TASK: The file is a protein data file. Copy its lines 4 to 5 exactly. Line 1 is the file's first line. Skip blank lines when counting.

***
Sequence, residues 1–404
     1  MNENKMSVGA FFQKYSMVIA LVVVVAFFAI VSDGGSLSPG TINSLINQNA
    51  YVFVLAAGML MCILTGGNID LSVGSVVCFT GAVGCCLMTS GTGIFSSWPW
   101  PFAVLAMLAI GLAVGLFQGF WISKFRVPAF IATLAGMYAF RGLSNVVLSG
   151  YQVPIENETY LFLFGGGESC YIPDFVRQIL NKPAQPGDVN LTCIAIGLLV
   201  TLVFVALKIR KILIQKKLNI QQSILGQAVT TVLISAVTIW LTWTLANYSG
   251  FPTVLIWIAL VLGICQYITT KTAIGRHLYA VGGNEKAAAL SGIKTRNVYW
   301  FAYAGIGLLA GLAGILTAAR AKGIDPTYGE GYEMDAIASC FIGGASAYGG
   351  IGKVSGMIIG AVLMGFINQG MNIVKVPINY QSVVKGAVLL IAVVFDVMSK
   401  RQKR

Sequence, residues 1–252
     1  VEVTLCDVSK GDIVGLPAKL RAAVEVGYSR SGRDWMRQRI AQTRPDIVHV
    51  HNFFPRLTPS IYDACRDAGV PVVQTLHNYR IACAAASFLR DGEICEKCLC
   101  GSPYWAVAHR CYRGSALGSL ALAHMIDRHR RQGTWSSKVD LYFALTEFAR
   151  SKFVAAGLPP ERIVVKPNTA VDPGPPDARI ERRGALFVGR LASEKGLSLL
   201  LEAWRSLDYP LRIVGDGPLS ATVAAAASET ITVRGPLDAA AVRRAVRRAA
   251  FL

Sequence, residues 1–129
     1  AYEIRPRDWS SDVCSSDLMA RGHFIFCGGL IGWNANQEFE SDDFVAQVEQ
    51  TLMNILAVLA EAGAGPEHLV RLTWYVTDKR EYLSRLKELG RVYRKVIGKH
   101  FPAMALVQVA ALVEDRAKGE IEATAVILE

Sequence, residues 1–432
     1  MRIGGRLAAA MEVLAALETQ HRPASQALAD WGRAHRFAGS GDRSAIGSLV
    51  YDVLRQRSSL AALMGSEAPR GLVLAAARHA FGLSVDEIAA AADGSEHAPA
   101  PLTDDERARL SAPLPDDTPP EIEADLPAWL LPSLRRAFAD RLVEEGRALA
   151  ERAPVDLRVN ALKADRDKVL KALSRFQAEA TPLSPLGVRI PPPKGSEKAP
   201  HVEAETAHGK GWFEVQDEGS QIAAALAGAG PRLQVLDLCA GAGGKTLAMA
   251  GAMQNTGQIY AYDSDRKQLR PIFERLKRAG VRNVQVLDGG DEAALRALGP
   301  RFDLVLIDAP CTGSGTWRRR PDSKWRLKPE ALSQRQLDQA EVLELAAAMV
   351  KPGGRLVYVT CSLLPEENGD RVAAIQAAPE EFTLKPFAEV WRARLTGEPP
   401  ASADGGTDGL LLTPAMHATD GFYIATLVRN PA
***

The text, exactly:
   101  PFAVLAMLAI GLAVGLFQGF WISKFRVPAF IATLAGMYAF RGLSNVVLSG
   151  YQVPIENETY LFLFGGGESC YIPDFVRQIL NKPAQPGDVN LTCIAIGLLV